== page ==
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### Re: 1944: "The End of the Rainbow"

Reading the End of the Rainbow...

The leprechauns hide their gold in the sun.

---

Trying to calculate the amount of gold by mass in the sun, from the elemental abundance figures in the photosphere, a lot of guesswork (I am not an astrophysicist):

for Gold, abundance Ae = 1.01 (logarithm dex scale) ( http://newenergytimes.com/v2/library/19 ... ts-OFF.pdf )

10^(1.01 - 12) = 1.023 * 10^-11 ( # of gold atoms / # of hydrogen atoms in the photosphere )

0.7346 * (1.989 *10^30 kg) = 1.461 * 10^30 kg -- the mass of all hydrogen in the sun

Mass of a gold atom = 3.2707065 * 10^-25 kg
Mass of a hydrogen atom = 1.6737236 * 10^-27 kg

and, assuming the photosphere has about the same composition as the rest of the sun (I see this assumption everywhere but don't know the reasoning behind it)...

(mass of all hydrogen atoms in the sun) * (# of gold atoms / # of hydrogen atoms in the sun) * ( mass of gold atom / mass of hydrogen atom ) :

(1.461 * 10^30 kg) * (1.023 * 10^-11) * ((3.2707065 * 10^-25 kg) / (1.6737236 * 10^-27 kg)) ~=

2.9 * 10^21 kg ( mass of gold in the sun )

--

Seawater is 96.5% water:
0.965 * (1.4 * 10^21 kg) ~= 1.35 * 10^21 kg (mass of water in the oceans)

So, if my math isn't horribly wrong, there is more than twice as much gold in the sun than water in the oceans.

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### Re: 1944: "The End of the Rainbow"

niky wrote:A sextillion tons of gold.
Is that 1021 (1,000N+1 for N-illion) or 1036 (1,000,000N)?

Mutex
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### Re: 1944: "The End of the Rainbow"

Soupspoon wrote:
niky wrote:A sextillion tons of gold.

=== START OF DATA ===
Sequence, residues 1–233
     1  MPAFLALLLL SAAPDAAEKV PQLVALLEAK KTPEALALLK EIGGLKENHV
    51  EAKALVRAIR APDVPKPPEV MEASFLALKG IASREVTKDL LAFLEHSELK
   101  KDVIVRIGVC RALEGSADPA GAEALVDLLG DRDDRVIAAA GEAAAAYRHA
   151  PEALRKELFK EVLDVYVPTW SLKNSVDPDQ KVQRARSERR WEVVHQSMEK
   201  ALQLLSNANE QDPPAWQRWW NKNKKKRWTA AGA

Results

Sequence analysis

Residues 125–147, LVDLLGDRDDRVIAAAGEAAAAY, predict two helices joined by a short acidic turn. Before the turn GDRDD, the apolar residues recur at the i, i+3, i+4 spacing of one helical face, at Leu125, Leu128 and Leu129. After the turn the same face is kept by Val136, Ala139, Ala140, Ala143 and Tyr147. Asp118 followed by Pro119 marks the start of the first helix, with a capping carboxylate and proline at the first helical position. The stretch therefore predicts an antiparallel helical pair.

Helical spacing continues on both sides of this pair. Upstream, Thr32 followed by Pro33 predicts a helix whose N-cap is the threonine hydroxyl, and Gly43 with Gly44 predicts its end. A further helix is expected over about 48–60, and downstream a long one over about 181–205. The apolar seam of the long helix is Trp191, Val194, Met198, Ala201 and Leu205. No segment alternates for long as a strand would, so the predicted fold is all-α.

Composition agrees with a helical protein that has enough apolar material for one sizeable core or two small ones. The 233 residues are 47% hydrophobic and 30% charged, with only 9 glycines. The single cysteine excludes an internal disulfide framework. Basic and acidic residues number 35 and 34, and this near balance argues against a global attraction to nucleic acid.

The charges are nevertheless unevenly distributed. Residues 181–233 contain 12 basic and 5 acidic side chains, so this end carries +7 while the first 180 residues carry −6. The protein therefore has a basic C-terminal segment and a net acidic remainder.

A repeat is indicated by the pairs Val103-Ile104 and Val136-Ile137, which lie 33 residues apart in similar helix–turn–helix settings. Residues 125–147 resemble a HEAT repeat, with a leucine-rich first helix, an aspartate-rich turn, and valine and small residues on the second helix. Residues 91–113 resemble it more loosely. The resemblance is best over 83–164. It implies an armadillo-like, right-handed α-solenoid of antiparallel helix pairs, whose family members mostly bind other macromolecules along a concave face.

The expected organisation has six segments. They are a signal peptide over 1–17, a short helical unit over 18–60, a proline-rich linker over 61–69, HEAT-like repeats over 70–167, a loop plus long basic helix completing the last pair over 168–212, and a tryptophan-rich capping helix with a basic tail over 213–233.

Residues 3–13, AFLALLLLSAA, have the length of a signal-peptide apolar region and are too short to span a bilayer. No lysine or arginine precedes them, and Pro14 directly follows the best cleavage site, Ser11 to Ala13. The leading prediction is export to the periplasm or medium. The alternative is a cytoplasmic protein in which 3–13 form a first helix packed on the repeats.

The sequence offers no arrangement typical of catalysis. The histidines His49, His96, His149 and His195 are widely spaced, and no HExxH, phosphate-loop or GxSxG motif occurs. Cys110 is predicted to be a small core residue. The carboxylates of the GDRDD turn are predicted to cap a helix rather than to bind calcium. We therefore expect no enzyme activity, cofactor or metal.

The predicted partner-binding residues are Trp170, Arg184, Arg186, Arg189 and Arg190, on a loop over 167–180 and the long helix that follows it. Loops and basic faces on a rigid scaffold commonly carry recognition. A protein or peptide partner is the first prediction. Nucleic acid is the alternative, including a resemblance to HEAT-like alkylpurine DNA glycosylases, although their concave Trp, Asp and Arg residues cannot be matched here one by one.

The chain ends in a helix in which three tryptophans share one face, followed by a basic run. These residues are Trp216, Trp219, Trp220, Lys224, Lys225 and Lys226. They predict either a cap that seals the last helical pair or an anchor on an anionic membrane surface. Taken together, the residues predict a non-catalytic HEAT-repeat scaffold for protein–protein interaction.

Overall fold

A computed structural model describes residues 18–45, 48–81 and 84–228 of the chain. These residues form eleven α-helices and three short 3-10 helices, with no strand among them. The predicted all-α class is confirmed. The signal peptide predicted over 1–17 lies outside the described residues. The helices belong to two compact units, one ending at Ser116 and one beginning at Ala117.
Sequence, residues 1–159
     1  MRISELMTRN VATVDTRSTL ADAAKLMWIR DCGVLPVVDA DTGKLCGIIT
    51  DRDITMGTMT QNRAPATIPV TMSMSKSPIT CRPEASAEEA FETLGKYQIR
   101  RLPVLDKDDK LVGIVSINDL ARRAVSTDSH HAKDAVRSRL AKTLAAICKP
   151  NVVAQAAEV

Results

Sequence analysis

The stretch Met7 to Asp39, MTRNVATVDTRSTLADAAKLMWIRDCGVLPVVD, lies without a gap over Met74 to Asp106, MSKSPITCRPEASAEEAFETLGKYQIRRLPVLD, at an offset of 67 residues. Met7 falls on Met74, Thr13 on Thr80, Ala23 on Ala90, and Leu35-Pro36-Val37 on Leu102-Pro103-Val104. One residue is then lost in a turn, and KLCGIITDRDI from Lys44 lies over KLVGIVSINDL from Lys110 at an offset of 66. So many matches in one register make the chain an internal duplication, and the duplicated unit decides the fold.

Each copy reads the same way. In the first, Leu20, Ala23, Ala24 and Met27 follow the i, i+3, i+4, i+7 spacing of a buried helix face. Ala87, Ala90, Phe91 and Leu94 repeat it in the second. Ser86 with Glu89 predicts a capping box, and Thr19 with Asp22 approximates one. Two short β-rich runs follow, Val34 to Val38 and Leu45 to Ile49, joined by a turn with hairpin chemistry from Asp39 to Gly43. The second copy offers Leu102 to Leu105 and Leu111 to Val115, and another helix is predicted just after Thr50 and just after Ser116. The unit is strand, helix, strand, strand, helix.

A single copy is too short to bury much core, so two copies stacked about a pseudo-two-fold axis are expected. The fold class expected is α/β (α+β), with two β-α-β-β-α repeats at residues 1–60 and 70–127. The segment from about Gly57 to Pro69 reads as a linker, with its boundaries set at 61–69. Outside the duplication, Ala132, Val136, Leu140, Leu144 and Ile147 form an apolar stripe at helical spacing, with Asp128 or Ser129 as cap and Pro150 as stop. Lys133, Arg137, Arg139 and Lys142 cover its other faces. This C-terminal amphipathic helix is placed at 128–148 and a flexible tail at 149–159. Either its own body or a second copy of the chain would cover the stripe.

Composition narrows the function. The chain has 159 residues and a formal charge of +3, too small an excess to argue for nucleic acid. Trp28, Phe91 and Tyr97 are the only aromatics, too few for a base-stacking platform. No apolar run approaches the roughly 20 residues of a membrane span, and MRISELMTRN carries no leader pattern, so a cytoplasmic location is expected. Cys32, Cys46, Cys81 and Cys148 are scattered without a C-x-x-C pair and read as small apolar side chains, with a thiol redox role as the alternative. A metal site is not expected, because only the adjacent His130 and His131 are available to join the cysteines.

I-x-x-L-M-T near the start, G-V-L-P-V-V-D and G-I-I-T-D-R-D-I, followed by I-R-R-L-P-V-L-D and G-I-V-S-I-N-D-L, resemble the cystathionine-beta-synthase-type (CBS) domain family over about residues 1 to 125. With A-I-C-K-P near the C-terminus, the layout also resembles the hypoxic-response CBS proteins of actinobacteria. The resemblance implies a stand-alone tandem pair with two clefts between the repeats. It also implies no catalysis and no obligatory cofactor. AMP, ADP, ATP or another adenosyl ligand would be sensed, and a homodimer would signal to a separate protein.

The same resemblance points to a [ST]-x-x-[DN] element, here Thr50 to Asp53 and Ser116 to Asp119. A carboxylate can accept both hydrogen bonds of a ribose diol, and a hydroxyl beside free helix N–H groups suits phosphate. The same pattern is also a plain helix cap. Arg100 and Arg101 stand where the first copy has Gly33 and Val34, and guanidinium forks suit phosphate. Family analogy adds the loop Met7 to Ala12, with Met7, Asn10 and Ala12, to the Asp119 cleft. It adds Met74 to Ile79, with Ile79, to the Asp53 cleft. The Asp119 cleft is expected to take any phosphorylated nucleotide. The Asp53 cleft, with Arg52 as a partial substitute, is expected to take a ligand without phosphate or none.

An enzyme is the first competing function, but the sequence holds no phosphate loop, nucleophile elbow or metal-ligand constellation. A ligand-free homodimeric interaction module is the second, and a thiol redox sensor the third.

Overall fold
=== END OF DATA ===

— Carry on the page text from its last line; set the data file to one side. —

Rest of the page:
Is that 1021 (1,000N+1 for N-illion) or 1036 (1,000,000N)?

Does anyone still use long scale?

...

Well, I decided to answer my own question:
https://en.wikipedia.org/wiki/Long_and_ ... cale_users

Seems French, Spanish, Portuguese and Dutch speaking countries use it, along with most of Continental Europe. But no English speakers use it as far as I can see.

da Doctah
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### Re: 1944: "The End of the Rainbow"

Back when it still meant something, I fed Google the name of every element then on the periodic table (they had added darmstadtium at that point) and collected the number of hits for each. I disregarded alternate names and spellings and the fact that some element names are spelled exactly the same as unrelated words like lead and iron.

Turns out gold is the most common element on the internet (more than two-to-one over the second-most common, tin).

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### Re: 1944: "The End of the Rainbow"

niauropsaka wrote:OK, so there's a lot of gold inside Sol. Not in a pot, though.

Apparently 0,2% of the Sun's mass is composed of iron, that might have been a pot before all this hot ball of plasma thing started.

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Soupspoon
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### Re: 1944: "The End of the Rainbow"